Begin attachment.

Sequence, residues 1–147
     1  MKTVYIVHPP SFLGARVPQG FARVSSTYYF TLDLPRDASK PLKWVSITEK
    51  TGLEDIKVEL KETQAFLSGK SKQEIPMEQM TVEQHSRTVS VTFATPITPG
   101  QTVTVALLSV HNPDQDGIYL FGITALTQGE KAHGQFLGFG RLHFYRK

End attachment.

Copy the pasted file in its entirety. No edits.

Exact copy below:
Sequence, residues 1–147
     1  MKTVYIVHPP SFLGARVPQG FARVSSTYYF TLDLPRDASK PLKWVSITEK
    51  TGLEDIKVEL KETQAFLSGK SKQEIPMEQM TVEQHSRTVS VTFATPITPG
   101  QTVTVALLSV HNPDQDGIYL FGITALTQGE KAHGQFLGFG RLHFYRK